Excerpt from U.S. Department of Health and Human Services' Guidance "Refuse to File: NDA and BLA Submissions to CDER Guidance for Industry" | March 08, 2018Read the Full Article Now
d-Wise's Insight on HHS's Guidance
On December 13th, 2017, the FDA Office of New Drugs in the Center for Drug Evaluation and Research (CDER) released a draft guidance, Refuse to File: NDA and BLA Submissions to CDER, for public review and comment. The comment period closed February 12th, 2018.
Sponsor companies fear an FDA refuse-to-file (RTF) notice. As this relates to sponsor biometrics organizations, handwringing often occurs during the first 60 days regarding standardized study datasets with questions such as:
- "Will the Reviewer request changes to our SDTM and ADaM datasets?"
- "Will the FDA ask us to up-version to the latest version of SDTM?"
- "Will we need to map legacy trials to SDTM and ADaM?"
Although the draft guidance does not explicitly reference standardized study datasets, it does state that an RTF may be issued if "required content is not submitted electronically where the FDA has specified the format of such submissions in guidance pursuant to section 745A of the FD&C Act, or required content is not submitted in an electronic format that the FDA can review, process, and archive, where such electronic submissions are required by an applicable regulation. Electronic submission issues that CDER consider to be filing issues include particular organization, file format, coding, or formatting problems that are specified in applicable guidances issued pursuant to section 745A(a) of the FD&C Act." In our opinion, this could be inferred as a circuitous reference the FDA's Technical Rejection Criteria for Study Data. d-Wise sought additional clarification during the public comment period to clarify the intent of the guidance.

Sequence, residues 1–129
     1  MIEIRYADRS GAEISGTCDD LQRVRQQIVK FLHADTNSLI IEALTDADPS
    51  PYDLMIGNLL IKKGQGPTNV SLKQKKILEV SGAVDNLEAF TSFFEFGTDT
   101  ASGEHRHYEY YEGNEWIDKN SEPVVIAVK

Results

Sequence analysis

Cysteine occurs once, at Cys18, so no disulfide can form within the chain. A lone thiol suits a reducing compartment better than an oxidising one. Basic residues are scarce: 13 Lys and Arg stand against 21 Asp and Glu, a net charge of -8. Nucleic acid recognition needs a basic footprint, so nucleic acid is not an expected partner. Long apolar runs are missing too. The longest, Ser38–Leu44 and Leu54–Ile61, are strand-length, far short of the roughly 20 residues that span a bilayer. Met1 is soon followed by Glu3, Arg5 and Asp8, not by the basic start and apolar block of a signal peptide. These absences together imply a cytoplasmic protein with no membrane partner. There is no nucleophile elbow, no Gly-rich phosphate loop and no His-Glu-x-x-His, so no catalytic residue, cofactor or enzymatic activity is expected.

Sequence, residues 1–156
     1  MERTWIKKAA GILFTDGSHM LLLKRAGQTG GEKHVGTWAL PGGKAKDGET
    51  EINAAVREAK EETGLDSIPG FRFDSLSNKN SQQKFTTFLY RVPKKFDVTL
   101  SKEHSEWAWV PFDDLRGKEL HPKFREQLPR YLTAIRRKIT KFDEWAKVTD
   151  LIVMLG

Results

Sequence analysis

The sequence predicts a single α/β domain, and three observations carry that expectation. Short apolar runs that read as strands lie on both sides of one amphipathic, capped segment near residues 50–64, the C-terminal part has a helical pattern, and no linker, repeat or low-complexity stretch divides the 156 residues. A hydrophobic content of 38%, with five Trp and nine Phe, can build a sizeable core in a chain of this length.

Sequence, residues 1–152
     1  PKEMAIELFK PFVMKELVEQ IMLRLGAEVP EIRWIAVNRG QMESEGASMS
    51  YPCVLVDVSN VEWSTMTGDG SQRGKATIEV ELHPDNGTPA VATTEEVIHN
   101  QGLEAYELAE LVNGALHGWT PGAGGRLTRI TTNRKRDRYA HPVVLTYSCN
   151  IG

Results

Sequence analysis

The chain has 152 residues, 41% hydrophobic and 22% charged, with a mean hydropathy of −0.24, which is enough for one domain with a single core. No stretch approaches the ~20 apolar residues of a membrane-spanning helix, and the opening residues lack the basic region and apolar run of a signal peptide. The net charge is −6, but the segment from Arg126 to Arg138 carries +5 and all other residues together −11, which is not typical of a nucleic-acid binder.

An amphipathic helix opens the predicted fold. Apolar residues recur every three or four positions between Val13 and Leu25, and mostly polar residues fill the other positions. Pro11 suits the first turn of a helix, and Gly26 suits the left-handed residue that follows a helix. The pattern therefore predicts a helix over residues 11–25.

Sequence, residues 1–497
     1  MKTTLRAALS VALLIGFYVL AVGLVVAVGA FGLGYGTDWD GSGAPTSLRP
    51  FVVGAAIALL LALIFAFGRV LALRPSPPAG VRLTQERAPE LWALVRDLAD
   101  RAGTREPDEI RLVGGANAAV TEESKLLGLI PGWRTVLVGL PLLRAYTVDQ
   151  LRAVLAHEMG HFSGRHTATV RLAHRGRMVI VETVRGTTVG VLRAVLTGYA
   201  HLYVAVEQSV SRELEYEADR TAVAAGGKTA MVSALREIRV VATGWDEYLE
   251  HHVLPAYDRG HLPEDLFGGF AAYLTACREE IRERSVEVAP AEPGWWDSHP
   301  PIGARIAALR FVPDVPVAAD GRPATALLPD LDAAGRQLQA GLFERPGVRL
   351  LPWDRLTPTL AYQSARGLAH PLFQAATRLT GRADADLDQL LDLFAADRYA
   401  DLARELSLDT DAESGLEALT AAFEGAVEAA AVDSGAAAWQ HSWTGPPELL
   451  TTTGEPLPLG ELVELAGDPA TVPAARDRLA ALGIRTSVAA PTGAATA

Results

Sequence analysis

The draft guidance emphasizes the importance of agreements between the FDA and sponsor "regarding the content of a complete application...” d-Wise is of the opinion that this includes agreements such as the Study Data Standardization Plan (SDSP). The SDSP, referenced in the FDA's Study Data Technical Conformance Guide, documents the studies and planned standards that will be included in submissions. In our experience assisting customers with their regulatory submissions, we find customers are concerned the FDA Reviewer may change their mind regarding study datasets despite agreements documented in the SDSP.
RTFs are not intended to punish sponsor companies. They help the FDA ensure the application is complete so that the Agency can ensure therapies will benefit patients. d-Wise understands sponsors will always fear an RTF. However, we appreciate that the FDA is attempting to clarify their decision making processes and the criteria for receiving an RTF. If you are reading this blog and have not read the draft guidance, we suggest you do and comment as appropriate. It's in the best interest of your company and the patients that need new therapies.